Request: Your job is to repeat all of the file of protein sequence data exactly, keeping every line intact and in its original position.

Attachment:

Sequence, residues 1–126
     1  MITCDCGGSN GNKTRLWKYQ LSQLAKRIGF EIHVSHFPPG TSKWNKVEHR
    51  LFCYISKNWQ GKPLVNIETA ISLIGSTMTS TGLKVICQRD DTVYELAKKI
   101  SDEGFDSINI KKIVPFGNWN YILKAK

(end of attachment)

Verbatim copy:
Sequence, residues 1–126
     1  MITCDCGGSN GNKTRLWKYQ LSQLAKRIGF EIHVSHFPPG TSKWNKVEHR
    51  LFCYISKNWQ GKPLVNIETA ISLIGSTMTS TGLKVICQRD DTVYELAKKI
   101  SDEGFDSINI KKIVPFGNWN YILKAK